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Case study: Skin-to-skin contact to encourage breastfeeding

Encouraging breastfeeding from the start

Traditionally, when a baby was born, they were quickly wrapped up or dressed before being passed to their mother. In recent years, skin-to-skin contact has become common practice with the baby being placed on the new mother’s chest immediately or soon after birth and covered with a blanket.

Skin-to-skin soon after birth helps a babies’ instinct to feed kick in at the earliest point and contact should continue until the baby has achieved their first breastfeed. Skin-to-skin is beneficial beyond birth too as it helps babies to be calm, regulate their heart and breathing rates, and increases the bond between parent and child.

The benefits of breastfeeding have been well documented. As well as the bond created between the mother and her baby, babies who breastfeed are less likely to become ill, with the benefits of this lasting into adulthood. There are benefits for the mother too, with a reduced risk of developing certain cancers and osteoporosis.

Reviewing the evidence

The widespread decline in breastfeeding has become a major public health concern. Where previous research has focused on the benefits of skin-to-skin contact in terms of health, researchers from the NIHR-funded Cochrane Pregnancy and Childbirth Group aimed to discover if skin-to-skin contact improved breastfeeding rates and helped babies adjust to the outside world.

They looked at the results of 46 studies which included almost 4000 mothers and their babies. The majority of these studies compared early skin-to-skin contact with standard hospital care for women with healthy full-term babies. Eight studies included women who gave birth by caesarean, and six studies included healthy, preterm babies born at 35 weeks or more.

The research team found that skin-to-skin contact did have an impact on breastfeeding rates. Firstly, babies were more likely to have a successful first breastfeed after birth and have higher blood glucose levels. Secondly, women were 24% more likely to be breastfeeding at one to four months after birth and 50% more likely at three to six months post birth. Women breastfed potentially 60 days longer than women who had not had skin-to-skin contact soon after birth.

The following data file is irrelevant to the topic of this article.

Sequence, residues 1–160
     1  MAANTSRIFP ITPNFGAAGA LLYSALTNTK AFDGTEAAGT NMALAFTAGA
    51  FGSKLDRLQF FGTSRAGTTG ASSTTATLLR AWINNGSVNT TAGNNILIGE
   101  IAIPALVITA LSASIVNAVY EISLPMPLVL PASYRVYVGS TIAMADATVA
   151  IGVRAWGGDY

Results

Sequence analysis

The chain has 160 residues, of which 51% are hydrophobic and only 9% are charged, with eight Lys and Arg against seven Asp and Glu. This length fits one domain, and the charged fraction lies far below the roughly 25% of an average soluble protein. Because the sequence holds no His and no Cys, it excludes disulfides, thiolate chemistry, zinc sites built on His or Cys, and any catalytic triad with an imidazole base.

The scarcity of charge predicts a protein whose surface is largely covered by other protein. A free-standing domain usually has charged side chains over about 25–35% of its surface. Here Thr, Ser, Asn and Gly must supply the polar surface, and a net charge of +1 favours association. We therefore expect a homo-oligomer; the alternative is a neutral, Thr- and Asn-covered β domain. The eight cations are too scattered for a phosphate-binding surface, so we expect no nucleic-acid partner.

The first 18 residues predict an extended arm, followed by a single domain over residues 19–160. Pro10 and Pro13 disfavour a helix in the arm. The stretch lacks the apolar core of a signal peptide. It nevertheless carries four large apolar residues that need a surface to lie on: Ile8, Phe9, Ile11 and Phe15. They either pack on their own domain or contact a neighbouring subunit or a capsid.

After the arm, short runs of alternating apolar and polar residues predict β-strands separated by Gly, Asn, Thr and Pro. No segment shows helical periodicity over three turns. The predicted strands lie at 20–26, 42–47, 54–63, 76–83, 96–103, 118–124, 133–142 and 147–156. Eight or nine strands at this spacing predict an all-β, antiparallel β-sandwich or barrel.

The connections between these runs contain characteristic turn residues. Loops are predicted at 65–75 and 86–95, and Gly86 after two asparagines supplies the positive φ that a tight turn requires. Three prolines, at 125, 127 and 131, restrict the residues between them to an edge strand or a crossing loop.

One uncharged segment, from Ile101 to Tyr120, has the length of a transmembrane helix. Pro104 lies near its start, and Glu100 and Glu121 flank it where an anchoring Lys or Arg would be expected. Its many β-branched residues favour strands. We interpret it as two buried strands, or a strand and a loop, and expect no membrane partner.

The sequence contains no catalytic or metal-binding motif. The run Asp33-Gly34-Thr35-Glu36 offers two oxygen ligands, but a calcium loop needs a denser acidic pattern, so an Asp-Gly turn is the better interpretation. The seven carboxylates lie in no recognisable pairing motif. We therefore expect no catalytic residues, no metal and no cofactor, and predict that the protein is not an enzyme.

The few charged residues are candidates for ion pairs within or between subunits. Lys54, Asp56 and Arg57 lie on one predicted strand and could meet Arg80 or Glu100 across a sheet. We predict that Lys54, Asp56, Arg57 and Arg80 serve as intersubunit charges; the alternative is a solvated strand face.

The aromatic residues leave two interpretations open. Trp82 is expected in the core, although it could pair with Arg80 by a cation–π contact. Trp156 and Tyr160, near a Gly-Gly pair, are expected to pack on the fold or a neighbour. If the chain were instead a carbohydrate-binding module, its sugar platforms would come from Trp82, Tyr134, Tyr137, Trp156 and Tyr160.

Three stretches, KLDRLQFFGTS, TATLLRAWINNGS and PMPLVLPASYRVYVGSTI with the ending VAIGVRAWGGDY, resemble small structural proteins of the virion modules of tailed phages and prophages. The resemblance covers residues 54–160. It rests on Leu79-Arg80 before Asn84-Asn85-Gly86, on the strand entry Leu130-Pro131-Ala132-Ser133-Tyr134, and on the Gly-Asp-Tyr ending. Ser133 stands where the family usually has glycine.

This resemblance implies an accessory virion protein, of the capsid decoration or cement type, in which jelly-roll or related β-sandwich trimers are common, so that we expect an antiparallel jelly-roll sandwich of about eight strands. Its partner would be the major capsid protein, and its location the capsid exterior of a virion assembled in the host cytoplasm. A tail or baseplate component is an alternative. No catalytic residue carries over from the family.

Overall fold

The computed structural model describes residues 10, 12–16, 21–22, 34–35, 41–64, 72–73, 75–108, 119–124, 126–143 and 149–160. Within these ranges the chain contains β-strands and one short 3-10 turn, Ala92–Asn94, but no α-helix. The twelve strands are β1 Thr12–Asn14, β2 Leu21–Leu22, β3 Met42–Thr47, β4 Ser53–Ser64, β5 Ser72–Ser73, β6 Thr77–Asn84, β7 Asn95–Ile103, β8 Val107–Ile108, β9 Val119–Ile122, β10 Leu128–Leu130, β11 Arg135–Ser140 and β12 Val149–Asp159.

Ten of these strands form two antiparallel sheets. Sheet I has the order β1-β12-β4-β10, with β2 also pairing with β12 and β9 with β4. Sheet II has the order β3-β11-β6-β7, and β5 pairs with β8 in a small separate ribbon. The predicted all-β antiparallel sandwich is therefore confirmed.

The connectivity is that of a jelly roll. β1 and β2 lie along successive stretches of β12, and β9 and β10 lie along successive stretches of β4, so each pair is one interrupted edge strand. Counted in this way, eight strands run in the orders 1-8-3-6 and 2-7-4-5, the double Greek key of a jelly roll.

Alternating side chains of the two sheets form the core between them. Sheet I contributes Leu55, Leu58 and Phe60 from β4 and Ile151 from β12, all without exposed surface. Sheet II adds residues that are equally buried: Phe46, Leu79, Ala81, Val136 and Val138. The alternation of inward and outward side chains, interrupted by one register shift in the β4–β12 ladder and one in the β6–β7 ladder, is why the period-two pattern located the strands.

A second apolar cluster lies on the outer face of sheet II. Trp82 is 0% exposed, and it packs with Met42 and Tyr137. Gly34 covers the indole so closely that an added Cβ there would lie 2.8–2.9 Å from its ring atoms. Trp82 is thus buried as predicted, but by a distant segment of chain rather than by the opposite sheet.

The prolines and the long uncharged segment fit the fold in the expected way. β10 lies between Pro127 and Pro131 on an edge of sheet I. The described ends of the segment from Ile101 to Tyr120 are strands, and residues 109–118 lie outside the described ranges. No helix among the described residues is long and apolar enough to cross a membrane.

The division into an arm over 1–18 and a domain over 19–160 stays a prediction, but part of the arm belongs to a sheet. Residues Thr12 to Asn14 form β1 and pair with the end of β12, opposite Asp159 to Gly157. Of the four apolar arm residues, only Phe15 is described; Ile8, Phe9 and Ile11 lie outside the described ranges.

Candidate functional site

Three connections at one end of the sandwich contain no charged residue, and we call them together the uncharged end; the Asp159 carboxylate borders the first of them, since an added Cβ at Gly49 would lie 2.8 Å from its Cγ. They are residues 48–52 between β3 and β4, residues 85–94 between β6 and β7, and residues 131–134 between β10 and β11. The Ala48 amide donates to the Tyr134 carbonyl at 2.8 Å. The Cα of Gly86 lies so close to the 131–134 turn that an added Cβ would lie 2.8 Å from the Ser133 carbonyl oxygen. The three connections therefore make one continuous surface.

The review also suggested that women who give birth by caesarean may also be more likely to maintain breastfeeding following skin-to-skin contact. It found no clear benefit for immediate skin-to-skin rather than waiting until the baby had been washed and examined, and no advantage from longer contact of an hour or more.

Overall, the review supports the use of skin-to-skin to encourage breastfeeding. The evidence suggests that early skin-to-skin should be normal practice for healthy newborns including those born by caesarean and babies born early at 35 weeks or more. Even where skin-to-skin is possible only for a short time, it will still encourage successful breastfeeding one to four months post birth. Importantly, the findings of improved breastfeeding rates were found in diverse countries and among women of low and high socio-economic class. 

Making a difference

The review from the Cochrane Pregnancy and Childbirth Group has informed 20 sets of guidelines around the world, with the World Health Organisation (WHO) referencing the review in their 2017 guidance for promoting and supporting breastfeeding. It has been translated into five languages.

Elizabeth Moore, Associate Professor of Nursing at Vanderbilt University School of Nursing and lead author of the review said:

I have really been amazed at the impact that this Cochrane Review has had around the world. It started as just a gut feeling I had as a breastfeeding consultant over 20 years ago that placing mothers and babies together skin-to-skin right after birth would help them breastfeed more successfully. Since then, this profound, but simple intervention has spread throughout the world based on the evidence in this review.”

In the UK, NICE has used the evidence in their 2006 guidance, and the latest revision in 2015, with the recommendation that women have skin-to-skin contact with their babies after birth. The Royal College of Nursing, UNICEF and Public Health England have all cited the research to promote skin-to-skin contact after birth. As a result, a 2019 survey by the Care Quality Commission reported that 93% of women in England had skin-skin contact after birth.

In June 2020, the WHO stated that skin-to-skin contact and breastfeeding should still be encouraged for new mothers and their babies in cases of suspected or confirmed COVID-19. Early evidence suggests that the benefits of skin-to-skin and breastfeeding far outweigh any risks.

Read the full review for more details.

Further reading

NIHR Alert: Kangaroo mother care may boost the survival of newborn, premature babies